Munich/Hinwil, 17th July 2009. After its country outings in Northamptonshire and the Eifel, Formula One is about to sniff some big-city air again. The Hungarian Grand Prix takes place from 24th to 26th July on the sinuous Hungaroring just outside...
Munich/Hinwil, 17th July 2009. After its country outings in Northamptonshire and the Eifel, Formula One is about to sniff some big-city air again. The Hungarian Grand Prix takes place from 24th to 26th July on the sinuous Hungaroring just outside Budapest.
"Hungary is a very special Grand Prix for me. In 2006 I made my debut there, and there are always a lot of Polish fans as Budapest is quite close to Poland. Last year was amazing - it was like being in Poland.
"The Hungaroring is very special, tricky and physically demanding. Driving the main straight is the only time you can recover. Almost over the entire track you leave one corner and immediately approach the next. Beyond that, it is very hot in Hungary, which makes it demanding for the driver and the tyres. As a lot of corners are quite bumpy, the car's balance will be another crucial factor."
"I'm very fond of the Hungaroring. The track suits me and I also have some good memories of racing there and achieving good results in the past. It was in Hungary in 1999 that I secured an early championship title in Formula 3000, and in 2006 and 2007 I was on the podium for the BMW Sauber F1 Team.
"We can generally expect high air temperatures in Hungary. That doesn't bother me from a physical point of view, although the races on this twisty circuit are always exhausting, and it could help us get the tyres into the temperature window to work well. One drawback in terms of grip, especially at the start of the weekend, is always the dust that blows onto the track from the surrounding landscape."
Mario Theissen, BMW Motorsport Director:
"This year our team heads for the Hungarian Grand Prix with muted expectations. So far our car just hasn't been fast enough for any top placings. We are nevertheless working flat-out on ongoing development of the F1.09 - for two reasons. This year's new aerodynamic regulations will remain the same for next season. What we are learning from our present car will flow virtually 1:1 into the concept for the F1.10. Besides that, under the test ban in force, the race weekend offers the only chance to track-test new developments and components. It's an opportunity that has to be utilised. Beyond that, we naturally want to prove to our fans and, not least, to ourselves that we are also capable of reversing a deficit."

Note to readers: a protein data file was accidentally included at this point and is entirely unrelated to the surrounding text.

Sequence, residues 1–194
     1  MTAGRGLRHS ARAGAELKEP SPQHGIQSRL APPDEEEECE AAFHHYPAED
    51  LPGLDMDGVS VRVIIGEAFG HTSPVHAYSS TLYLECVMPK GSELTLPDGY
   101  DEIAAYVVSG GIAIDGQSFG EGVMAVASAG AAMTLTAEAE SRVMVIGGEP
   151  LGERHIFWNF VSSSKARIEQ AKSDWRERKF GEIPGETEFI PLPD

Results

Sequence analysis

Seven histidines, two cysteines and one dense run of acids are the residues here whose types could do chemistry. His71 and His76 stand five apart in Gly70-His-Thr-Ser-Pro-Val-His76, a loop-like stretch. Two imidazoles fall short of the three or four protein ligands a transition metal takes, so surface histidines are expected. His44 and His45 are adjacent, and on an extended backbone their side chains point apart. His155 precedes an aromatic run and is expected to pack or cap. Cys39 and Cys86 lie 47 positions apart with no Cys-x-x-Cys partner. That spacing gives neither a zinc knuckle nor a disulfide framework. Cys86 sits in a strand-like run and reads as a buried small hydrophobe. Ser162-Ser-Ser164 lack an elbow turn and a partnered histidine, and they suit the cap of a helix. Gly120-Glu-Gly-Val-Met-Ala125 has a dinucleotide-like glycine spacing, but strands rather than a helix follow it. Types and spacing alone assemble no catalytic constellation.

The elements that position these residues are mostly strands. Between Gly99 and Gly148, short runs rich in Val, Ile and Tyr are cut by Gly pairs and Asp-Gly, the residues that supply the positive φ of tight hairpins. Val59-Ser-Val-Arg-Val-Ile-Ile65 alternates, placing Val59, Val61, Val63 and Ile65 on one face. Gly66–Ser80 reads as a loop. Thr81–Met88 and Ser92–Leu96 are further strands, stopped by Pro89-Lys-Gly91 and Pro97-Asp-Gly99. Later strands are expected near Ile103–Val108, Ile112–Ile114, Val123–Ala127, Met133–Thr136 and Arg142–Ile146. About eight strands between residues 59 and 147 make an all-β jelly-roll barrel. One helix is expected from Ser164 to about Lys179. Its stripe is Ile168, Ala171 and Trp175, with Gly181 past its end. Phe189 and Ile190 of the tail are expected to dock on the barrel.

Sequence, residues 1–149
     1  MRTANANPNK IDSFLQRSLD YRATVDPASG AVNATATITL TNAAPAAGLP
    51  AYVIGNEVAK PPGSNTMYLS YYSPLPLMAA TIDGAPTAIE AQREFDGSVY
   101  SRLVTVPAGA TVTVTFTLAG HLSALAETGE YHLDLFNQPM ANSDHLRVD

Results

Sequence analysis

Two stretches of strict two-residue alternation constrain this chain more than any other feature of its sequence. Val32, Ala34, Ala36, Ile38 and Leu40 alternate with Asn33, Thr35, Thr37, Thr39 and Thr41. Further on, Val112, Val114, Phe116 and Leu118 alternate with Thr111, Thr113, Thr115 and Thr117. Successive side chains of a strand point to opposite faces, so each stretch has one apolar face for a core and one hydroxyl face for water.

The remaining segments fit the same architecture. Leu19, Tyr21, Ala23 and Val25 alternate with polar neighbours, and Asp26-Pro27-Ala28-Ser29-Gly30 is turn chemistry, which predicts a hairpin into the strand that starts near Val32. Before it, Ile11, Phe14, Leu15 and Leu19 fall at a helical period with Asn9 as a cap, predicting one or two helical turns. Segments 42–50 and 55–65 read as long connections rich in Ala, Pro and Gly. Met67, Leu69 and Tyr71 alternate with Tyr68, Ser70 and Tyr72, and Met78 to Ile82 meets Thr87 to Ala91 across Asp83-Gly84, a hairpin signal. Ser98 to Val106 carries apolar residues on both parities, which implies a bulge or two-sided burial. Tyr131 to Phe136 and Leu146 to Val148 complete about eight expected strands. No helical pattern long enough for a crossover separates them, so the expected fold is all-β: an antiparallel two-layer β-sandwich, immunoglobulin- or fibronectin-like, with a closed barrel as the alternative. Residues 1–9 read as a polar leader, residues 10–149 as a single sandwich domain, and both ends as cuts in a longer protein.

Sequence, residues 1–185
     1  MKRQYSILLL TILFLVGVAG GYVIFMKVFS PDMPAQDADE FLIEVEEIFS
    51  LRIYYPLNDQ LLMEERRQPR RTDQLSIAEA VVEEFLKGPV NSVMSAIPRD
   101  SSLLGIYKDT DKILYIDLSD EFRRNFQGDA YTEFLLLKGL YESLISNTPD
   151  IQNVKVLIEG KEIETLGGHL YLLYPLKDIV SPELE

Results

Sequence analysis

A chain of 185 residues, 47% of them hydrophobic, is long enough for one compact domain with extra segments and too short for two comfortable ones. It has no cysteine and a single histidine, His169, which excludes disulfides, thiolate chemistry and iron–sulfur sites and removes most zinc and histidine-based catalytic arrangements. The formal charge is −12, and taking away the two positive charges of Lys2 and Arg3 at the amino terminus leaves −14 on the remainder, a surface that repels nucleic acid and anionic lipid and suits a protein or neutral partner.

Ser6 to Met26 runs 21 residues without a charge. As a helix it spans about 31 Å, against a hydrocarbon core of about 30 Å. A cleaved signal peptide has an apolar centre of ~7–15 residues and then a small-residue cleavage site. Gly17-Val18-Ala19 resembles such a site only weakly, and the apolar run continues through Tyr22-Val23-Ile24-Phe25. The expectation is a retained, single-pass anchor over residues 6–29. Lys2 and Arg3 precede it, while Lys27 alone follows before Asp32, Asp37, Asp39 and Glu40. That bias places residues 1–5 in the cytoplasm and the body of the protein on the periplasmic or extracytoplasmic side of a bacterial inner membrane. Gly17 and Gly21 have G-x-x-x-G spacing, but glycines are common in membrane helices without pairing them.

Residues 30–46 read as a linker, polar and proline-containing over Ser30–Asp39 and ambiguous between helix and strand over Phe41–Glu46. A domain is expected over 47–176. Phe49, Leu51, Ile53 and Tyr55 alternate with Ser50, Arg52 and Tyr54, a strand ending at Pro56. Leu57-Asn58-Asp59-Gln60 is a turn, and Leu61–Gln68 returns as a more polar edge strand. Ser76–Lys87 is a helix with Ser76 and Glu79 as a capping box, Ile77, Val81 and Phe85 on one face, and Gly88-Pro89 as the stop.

Willy Rampf, Head of Engineering:
"After Monaco, the Hungaroring has the second-lowest average speed of all the Formula One circuits. The mainly slow and medium-fast corners follow in quick succession and the start/finish straight is relatively short. Because dust continually blows onto the track, grip levels tend to be low at the beginning of each of the practice sessions, which can lead to understeer. For the car set-up the focus is primarily on the middle sector with its variety of corner combinations. Another factor that has to be taken into account is that the rear tyres come under heavy loads during the race. Air and track temperatures are traditionally very high in Hungary, which should favour the optimal use of tyres."
History and background:
In 2009 the Hungaroring hosts the 24th Hungarian Grand Prix. The track is situated about a 20-minute drive northeast of the centre of Budapest. Hungary's capital is also its largest city and the country's economic and cultural hub. The population of Budapest is around 1.7 million. It was above all the Danube as a trading route, as well as numerous hot springs, that were key to the city's prosperity. In 1873 the previously independent cities of Buda, Pest and Obuda were united. The chain bridge (built 1839-49) linking hilly Buda on the west bank with the flat terrain of Pest in the east is as much a city landmark as the baroque royal castle on the Buda side.
-credit: bmw sauber